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I'm having a bit of trouble setting up some CSS stuff.

Here is my index.html:

<!DOCTYPE html PUBLIC "-//W3C//DTD XHTML 1.0 Transitional//EN"
 "http://www.w3.org/TR/xhtml1/DTD/xhtml1-transitional.dtd">

<html>
<head>
<title>My Site</title>
<link rel="stylesheet" type="text/css" href="http://www.mysite.com/general.css" />
</head>
<body>
<text class="center" Welcome!>
</br>
<img src="<myimage>" alt="Logo" class="center">
</body>
</html>

and here is my general.css file:

img.center {display:block; margin-left:auto; margin-right:auto;}
body{background-color:#b0c4de;}
text{font-family:"Lucida Console";}
text.center{font-family:"Lucida Console"; text-align:center;}

My image is centered, like I want it to be. However, I would like to setup my text to always use Lucida Console as the font. But I also want to be able to setup a specific class for centering the font, like there is for the image.

Could anyone please help me do this? Thank you very much.

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2 Answers 2

up vote 4 down vote accepted

That text element looks invalid. You don't have to put a text element around text, and at least not in this way.

Try this:

p {
  font-family: 'Lucida Console'; 
}
p.center {
  text-align: center;
}

Then your paragraphs will look like this:

<p>Your text goes here</p>
<p class="center">Your centered text goes here</p>
<p>Your text goes here</p>

By the way, it is unwise to call such a class 'center', because it only says how it looks, not what it means. Instead, try to determine what kind of information is in this centered paragraph (like a 'message', or 'welcome message') and name your class accordingly. That way, the document contains the actual document structure and meta descriptions in the form of classes, while the actual layout is fully specified in CSS. Then, when you want your messages to be italic instead of centered, you can just alter the class in the css file and you're done.

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I've been hard-pressed to find a semantic "excuse" for centering things wihout bloated CSS (declaring it on lots of separate elements). I wouldn't say it's "unwise", because anyone working on the HTML or CSS will understand it's presentational meaning immediately, I would say it's maybe "impure" in regards to content/presentation separation. But yeah, it's about as bad as a <center> tag... But how does one name classes semantically for aligning images to the left or right without .left and .right? –  Wesley Murch Oct 8 '11 at 21:44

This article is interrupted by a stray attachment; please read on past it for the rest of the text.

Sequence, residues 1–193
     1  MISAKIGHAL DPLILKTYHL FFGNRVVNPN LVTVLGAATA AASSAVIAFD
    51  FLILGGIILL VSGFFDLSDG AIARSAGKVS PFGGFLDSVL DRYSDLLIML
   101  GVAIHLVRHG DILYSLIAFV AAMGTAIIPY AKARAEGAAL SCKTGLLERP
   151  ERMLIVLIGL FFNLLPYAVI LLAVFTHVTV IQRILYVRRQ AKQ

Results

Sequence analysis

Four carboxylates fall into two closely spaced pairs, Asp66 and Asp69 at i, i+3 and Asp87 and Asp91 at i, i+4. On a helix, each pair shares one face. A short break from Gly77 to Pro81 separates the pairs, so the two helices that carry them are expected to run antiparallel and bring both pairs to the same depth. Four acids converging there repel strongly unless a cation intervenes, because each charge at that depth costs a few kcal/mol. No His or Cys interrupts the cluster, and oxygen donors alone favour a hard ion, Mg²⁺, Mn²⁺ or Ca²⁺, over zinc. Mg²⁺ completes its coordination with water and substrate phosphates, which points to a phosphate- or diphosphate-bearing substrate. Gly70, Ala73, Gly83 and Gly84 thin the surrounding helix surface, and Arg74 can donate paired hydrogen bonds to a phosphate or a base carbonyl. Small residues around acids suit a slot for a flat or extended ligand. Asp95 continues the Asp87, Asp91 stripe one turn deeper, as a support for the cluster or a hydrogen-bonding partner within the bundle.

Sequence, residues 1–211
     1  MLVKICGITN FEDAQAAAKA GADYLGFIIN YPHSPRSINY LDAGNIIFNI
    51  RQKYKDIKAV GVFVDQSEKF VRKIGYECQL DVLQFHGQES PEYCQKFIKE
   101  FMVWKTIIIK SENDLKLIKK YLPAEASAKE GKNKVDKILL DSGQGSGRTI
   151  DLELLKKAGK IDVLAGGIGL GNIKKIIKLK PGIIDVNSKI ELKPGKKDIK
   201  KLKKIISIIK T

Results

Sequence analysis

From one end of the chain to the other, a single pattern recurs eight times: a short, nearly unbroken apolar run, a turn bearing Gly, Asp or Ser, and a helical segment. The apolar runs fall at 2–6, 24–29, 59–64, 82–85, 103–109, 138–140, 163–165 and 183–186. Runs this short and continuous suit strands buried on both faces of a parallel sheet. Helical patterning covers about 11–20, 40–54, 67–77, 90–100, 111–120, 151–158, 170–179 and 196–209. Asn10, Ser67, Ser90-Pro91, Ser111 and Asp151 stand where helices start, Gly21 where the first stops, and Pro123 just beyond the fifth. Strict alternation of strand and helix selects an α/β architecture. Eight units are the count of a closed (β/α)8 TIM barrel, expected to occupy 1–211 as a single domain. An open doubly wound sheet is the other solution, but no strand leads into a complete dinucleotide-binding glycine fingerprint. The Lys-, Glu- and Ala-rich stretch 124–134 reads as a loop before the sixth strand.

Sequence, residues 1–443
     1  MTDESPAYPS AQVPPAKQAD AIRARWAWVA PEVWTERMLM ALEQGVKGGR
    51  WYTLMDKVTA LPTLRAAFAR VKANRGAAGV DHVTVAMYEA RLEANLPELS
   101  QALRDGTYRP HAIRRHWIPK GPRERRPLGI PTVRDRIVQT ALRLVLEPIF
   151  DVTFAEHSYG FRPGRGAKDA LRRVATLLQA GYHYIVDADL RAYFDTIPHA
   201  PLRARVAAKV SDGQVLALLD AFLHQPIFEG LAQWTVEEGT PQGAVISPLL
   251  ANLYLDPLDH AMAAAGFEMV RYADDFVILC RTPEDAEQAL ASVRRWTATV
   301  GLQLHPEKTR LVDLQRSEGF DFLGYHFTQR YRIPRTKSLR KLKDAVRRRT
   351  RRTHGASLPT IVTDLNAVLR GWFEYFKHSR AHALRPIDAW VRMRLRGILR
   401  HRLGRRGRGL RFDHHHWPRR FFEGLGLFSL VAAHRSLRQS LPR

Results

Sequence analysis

Thank you GolezTrol. This is what I was looking for. –  Tim Oct 8 '11 at 21:51
1  
@WesleyMurch The question is wrong. :) You shouldn't ask "How to name the class for aligning images to the left". But "How to name the class for aligning thumbnails in the 'recent event' overview" or something. Then, you can make up a good class and decide that this kind of image should align left or right (or in turn). Of course, when aligning images 'randomly' in a big article, there are no real rules and you will have to see what looks good per picture. In that case, I can imagine you want to use 'left' and 'right' classes. –  GolezTrol Oct 8 '11 at 21:56
    
I understand what you mean completely. It's something that I think is a necessary evil sometimes. All our sites are 90% client-generated WYSIWYG content so semantic classes are very difficult to accomplish within pages/posts, we have to use left and right, and generic psuedo-semantic classes like content-box. –  Wesley Murch Oct 8 '11 at 22:02

Not sure why you're using but take a look at this example: -

http://jsfiddle.net/JPzRr/1/

img.center {display:block; margin-left:auto; margin-right:auto;}
body{background-color:#b0c4de;}
p {font-family:"Lucida Console";}
p.center {
    font-family:"Lucida Console";
    text-align:center;
}

<body>
    <p class="center">Welcome!</p>
<br />
<img src="<myimage>" alt="Logo" class="center">
share|improve this answer
    
<p class="center"> Welcome!</text> and </br> are both incorrect, and your fiddle is quite a mess as well. –  Wesley Murch Oct 8 '11 at 21:40
    
It's been a looong day :/ –  KryptoniteDove Oct 8 '11 at 21:41
    
It's just not worth it for anyone to rush out broken answers with bad examples, OP seems misinformed as it is. Take the day off before this stuff sneaks into your real code :) –  Wesley Murch Oct 8 '11 at 21:41

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